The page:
Water quality standards are in place to protect people from high levels of mercury exposure when eating fish and shellfish. The Willamette River and many of its tributaries do not currently meet water quality standards for mercury and are included on Oregon's list of impaired waters under Clean Water Act §303(d). Mercury fish consumption advisories are in place throughout the Willamette Basin.

The TMDL identified sources of mercury and how much mercury needs to be reduced to meet water quality standards. The TMDL used linked models and significantly more data than the 2006 TMDL. The greatest source of mercury in the basin is from atmospheric deposition, which is mercury in the air falling onto the land or into the water. The mercury in air originates mainly from national and global sources rather than from sources in Oregon.

Once mercury is deposited on the landscape, the major pathways to streams are erosion of sediment-bound mercury and surface runoff. Of the many different types of land use that exist within the Willamette Basin, forestry, agriculture and urban uses comprise most of the area within the basin. Management actions on these land uses influence the amount of mercury from these sources that reach streams and rivers in the basin. Point source discharges, such as sewage treatment plants or industries, contribute significantly less mercury to streams than nonpoint sources, such as runoff from logging roads and agricultural fields.

The water quality management plan describes DEQ's plan for implementing actions to reduce mercury in fish tissue. Mercury minimization measures will be applied for both point and nonpoint source activities, with primary focus on reducing runoff and erosion from nonpoint source activities and urban stormwater. Effectiveness of these measures will be tracked, evaluated and improved, as warranted, to meet the standards.​

Following a public comment period from July 3, 2019 to Sept. 6, 2019, DEQ issued the Revised Willamette Basin Mercury TMDL on Nov. 22, 2019. The updated TMDL built upon the original TMDL modeling analysis and made substantial improvements.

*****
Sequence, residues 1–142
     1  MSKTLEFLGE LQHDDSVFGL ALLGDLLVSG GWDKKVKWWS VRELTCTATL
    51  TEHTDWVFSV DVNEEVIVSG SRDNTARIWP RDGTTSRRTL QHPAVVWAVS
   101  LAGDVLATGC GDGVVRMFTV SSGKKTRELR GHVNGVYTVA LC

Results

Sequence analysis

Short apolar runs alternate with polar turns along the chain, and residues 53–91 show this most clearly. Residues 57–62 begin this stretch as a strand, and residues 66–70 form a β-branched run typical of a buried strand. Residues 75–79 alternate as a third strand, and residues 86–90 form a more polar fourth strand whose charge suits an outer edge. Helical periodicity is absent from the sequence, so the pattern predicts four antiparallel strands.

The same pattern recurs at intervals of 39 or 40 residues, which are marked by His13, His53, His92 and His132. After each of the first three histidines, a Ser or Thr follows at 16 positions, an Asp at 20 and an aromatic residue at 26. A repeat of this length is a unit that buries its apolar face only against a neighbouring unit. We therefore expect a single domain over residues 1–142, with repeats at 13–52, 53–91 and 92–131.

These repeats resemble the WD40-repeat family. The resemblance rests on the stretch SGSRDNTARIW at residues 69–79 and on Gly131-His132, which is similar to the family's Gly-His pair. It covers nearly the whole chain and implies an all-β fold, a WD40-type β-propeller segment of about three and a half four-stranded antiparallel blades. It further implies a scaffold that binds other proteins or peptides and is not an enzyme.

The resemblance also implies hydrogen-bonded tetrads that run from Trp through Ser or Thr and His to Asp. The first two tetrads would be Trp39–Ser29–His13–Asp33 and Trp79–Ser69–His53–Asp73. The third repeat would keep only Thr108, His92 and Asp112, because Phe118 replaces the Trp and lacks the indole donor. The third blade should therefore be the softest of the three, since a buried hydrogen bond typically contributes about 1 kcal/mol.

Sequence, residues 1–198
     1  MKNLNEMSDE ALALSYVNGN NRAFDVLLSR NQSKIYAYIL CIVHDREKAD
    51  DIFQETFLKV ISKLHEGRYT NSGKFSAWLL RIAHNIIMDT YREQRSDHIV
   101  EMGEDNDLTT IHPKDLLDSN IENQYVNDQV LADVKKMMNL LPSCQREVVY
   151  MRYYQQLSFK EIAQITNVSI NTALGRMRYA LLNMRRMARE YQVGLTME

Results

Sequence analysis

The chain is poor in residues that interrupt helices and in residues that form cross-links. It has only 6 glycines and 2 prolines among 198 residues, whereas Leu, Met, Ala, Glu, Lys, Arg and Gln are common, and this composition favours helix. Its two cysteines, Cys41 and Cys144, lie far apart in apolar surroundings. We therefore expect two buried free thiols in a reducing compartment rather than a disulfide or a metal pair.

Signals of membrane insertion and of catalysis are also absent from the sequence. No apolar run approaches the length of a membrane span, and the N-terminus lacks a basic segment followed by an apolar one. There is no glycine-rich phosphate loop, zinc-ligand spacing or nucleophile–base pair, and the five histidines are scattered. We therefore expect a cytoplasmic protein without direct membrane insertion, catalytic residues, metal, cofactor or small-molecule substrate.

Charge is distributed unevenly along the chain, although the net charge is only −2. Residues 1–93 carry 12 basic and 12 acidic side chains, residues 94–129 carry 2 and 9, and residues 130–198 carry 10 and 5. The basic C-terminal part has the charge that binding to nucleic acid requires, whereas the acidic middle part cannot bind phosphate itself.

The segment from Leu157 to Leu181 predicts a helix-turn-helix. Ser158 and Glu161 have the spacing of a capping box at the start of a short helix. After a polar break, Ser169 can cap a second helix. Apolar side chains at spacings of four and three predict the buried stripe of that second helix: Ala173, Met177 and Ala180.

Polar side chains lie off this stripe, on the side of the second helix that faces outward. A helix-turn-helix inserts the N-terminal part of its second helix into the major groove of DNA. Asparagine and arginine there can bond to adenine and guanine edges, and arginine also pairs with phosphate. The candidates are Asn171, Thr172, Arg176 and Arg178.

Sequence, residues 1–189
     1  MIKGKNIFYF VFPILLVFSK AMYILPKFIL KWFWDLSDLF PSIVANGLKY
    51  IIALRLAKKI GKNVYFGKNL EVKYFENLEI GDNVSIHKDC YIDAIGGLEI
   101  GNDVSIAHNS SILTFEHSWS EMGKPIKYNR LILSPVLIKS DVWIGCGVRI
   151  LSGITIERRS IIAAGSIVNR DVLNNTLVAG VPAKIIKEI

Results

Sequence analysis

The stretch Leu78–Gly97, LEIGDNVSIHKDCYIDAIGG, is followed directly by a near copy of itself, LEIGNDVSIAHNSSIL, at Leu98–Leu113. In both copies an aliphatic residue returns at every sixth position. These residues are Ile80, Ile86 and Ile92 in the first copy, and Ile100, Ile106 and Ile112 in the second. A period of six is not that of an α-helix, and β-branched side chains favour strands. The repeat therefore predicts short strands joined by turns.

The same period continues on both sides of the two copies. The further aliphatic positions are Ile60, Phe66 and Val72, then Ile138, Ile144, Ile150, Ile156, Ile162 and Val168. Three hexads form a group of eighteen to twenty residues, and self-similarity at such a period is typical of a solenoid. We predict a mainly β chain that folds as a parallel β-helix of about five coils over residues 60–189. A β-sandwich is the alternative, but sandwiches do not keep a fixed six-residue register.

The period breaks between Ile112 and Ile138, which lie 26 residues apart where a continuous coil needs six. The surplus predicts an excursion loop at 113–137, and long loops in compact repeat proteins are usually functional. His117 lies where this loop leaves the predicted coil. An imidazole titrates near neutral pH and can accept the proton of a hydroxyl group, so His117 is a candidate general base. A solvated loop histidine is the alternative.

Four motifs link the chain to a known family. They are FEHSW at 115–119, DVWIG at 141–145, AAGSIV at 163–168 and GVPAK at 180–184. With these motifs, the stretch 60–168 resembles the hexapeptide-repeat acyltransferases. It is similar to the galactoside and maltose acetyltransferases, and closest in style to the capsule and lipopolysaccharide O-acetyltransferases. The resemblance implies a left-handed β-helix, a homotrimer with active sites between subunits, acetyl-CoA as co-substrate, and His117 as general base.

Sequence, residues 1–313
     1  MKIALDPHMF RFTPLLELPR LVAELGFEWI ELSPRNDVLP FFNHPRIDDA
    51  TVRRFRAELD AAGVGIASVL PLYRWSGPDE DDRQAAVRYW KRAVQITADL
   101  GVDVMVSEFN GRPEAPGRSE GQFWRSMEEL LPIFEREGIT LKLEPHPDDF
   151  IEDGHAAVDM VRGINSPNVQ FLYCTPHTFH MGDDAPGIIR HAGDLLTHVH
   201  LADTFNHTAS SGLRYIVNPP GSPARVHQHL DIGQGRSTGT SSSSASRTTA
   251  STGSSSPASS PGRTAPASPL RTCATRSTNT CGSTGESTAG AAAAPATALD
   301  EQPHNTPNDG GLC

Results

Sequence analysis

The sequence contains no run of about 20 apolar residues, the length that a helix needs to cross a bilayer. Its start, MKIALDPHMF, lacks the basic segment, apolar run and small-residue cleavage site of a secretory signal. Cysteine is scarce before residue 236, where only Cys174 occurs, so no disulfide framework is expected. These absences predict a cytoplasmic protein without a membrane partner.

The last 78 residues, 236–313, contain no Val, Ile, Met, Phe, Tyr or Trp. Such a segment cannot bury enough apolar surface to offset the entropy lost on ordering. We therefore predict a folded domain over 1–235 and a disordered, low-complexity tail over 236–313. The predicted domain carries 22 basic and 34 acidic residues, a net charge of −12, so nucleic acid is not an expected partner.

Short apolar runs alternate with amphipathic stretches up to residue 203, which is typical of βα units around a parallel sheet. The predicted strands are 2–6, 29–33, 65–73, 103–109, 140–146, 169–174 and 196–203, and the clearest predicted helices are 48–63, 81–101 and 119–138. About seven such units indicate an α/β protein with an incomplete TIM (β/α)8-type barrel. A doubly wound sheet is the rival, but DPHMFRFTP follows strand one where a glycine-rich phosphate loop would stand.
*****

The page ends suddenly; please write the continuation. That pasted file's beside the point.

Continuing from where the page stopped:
On Nov. 29, 2019, EPA disapproved the TMDL after determining that the load and waste load allocations based on percent reductions would not achieve the TMDL target in all the subbasins addressed by the TMDL. Under the Clean Water Act and implementing federal regulations, EPA established a new TMDL on Dec. 30, 2019, which became effective for Clean Water Act purposes. EPA's TMDL incorporated some of Oregon's 2019 TMDL with the major changes being revisions of some of the load and wasteload allocations.

EPA accepted public comments on the Dec. 30, 2019 TMDL from Jan. 6, 2020 through Feb. 4, 2020, and revised the TMDL in response to comments received. EPA issued the final TMDL on Feb. 4, 2021.  EPA's TMDL (EPA's 2019 TMDL, as revised to address public comments received in 2020) incorporates by reference those sections of DEQ's 2019 TMDL that EPA found to be consistent with the Clean Water Act and EPA's requirements. ​

​Monitoring Strategy

DEQ will announce workshops on this website to assist DMAs and responsible persons in implementing requirements specified in the Willamette Basin Mercury WQMP.

Guidelines, Tools and Reporting

​​For requesting data, models or other information used in this TMDL, please complete a "Public Records Request".

Advisory committee meetings

Public hearing and request for comments

Fact Sheets


Willamette Basin Coordinators

For questions about EPA’s TMDL, please contact: